Corviches de El Pirata

Tuna Stuffed Fritters of the Ecuadorean Coast 


1 cup roasted peanuts

2 pounds green plantains (3 large plantains)

   Kosher salt

2 ½ teaspoons achiote (annatto) paste

3 sprigs cilantro, chopped

1 tbs Pirates Blend Caribbean Condiment 

2 tbs Pirates Blend Garlapeno Sauce

1 medium red onion (9oz), diced large

1 medium green pepper, stemmed, seeded, and diced large

1 pound plum tomatoes, peeled and diced large

½ pound fresh tuna (or sea bass) cut into ½-inch dice


1.      In a blender or food processor, pulse the peanuts until they are crushed and just starting to clump together.

2.      Cut off the ends of the plantains, and slit open the skins with a sharp knife. Peel and cut plantains into 1½-inch pieces. Place ⅔ of the cut plantains in a pot with enough water to cover by 1 inch, and bring to a boil over high heat. Salt the water until it tastes pleasant. Boil the plantains until they are cooked through and pierceable with a fork but not soft, about 30 minutes. Drain, and let cool to warm.

3.      Using the large-holed grating blade of a food processor (or box grater), grate the raw plantain, and then grate the cooked. Transfer the plantains to a mixing bowl, and stir in the peanuts, 1½ teaspoons achiote, cilantro, and 2 teaspoons kosher salt, or to taste.  

4.      In a food processor, mince the onion and green pepper, and add the Pirates Blend Garlapeno sauce. Then, add the tomatoes and process until puréed. Chill a mixing bowl in the freezer.

5.      Heat 2 tablespoons of oil in a large sauté pan over medium high heat with remaining 1 teaspoon achiote, and when the oil is hot, add the tomato mixture and 1 teaspoon kosher salt. Stir occasionally, making sure the bottom of the pan doesn’t scorch. Cook at a boil until there is no juice left in the pan, but the mixture is still very moist, about 12 minutes.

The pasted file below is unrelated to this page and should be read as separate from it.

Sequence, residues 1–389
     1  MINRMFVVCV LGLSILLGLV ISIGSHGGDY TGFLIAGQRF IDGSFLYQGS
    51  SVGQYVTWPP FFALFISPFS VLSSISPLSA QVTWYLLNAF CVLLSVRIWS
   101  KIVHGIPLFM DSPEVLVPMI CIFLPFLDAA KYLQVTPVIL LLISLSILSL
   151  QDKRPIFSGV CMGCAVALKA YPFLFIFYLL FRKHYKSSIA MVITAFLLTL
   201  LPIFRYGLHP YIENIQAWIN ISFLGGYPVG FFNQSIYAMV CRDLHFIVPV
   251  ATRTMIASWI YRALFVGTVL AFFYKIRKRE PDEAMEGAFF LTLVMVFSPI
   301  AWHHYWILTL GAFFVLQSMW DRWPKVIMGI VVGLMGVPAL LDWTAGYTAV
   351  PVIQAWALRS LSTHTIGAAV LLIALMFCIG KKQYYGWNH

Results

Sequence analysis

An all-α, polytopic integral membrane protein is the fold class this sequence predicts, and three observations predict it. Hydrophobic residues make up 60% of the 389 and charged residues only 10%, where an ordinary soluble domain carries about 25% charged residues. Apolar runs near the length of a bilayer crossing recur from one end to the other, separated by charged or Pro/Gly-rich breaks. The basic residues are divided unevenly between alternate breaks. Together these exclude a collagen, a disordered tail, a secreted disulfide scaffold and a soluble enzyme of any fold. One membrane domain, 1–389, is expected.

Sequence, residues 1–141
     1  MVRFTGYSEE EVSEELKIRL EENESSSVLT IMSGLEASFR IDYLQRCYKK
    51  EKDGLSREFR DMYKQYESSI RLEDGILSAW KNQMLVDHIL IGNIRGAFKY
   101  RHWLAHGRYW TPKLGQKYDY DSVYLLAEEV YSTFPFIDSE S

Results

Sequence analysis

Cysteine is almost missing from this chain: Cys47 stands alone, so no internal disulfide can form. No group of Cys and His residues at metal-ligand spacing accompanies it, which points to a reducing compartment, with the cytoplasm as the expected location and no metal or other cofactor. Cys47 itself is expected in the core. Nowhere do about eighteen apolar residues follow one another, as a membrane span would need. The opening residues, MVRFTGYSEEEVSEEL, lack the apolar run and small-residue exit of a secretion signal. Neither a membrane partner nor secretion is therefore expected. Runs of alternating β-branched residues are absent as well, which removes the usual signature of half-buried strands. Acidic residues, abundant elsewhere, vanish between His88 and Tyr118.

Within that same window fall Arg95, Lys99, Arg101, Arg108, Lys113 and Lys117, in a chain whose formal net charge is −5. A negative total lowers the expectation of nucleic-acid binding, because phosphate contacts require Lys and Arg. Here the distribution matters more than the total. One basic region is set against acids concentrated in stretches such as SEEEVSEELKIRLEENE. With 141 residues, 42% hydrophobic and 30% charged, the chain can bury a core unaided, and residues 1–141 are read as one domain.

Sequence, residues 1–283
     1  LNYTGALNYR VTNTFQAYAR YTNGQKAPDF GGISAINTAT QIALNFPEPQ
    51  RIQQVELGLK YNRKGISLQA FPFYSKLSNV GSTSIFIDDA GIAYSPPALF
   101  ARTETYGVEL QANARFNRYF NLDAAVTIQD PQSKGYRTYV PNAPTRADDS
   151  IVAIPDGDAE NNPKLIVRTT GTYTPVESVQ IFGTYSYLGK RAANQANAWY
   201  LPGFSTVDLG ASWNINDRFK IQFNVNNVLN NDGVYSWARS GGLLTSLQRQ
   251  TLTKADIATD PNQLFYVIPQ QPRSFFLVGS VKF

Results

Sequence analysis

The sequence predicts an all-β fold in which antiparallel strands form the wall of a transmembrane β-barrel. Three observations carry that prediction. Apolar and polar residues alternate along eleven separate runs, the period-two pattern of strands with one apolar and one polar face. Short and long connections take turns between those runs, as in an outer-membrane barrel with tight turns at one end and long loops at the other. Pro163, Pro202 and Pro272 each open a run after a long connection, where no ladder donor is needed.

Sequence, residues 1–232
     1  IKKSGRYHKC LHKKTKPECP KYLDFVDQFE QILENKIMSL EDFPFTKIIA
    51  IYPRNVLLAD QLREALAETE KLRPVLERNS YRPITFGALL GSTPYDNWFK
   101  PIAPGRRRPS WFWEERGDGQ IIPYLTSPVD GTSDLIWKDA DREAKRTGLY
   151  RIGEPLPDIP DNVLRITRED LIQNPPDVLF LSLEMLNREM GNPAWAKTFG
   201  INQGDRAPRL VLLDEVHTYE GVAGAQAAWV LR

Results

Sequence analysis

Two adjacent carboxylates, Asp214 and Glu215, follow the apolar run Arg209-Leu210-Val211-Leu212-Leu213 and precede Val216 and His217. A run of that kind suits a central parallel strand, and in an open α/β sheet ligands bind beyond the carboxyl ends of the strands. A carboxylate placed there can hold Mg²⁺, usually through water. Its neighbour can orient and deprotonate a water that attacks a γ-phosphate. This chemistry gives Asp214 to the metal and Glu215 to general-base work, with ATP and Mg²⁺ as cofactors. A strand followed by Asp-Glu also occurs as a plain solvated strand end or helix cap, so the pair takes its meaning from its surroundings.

6.      Season fish with salt. Lower heat to low, add the fish to the sauce and cook, stirring occasionally, until it just flakes when you press it, about 3 minutes. Chop the mixture up in the pan with a spoon or spatula, and salt to taste. Remove the filling to the cold bowl, and let cool.

7.      Lightly dampen your hands. Take about ¼ cup of the plantain mixture, and flatten it in your hand to ½-inch thick. Press a long divot in the center of the plantain. Add 2 teaspoons of the filling to the center, and gently fold the plantain around the filling to encase it in a little football shape. Repeat until you’ve used all the plantain; extra filling is delicious for snacking.

8.      Pour a scant ½-inch depth of oil into a large wide sauté pan, and heat over medium-high heat until the oil is shimmering (350 degrees). Carefully place about half the corviches into the oil, making sure to leave a little room between each one. Fry for about 2 minutes per side, until deep golden brown.  Turn them twice to fry on 3 sides. Remove them to a paper towel-lined platter. Repeat with remaining corviches. Serve hot or at room temperature with aji Cuencano.

Sauces you can use in this recipe.

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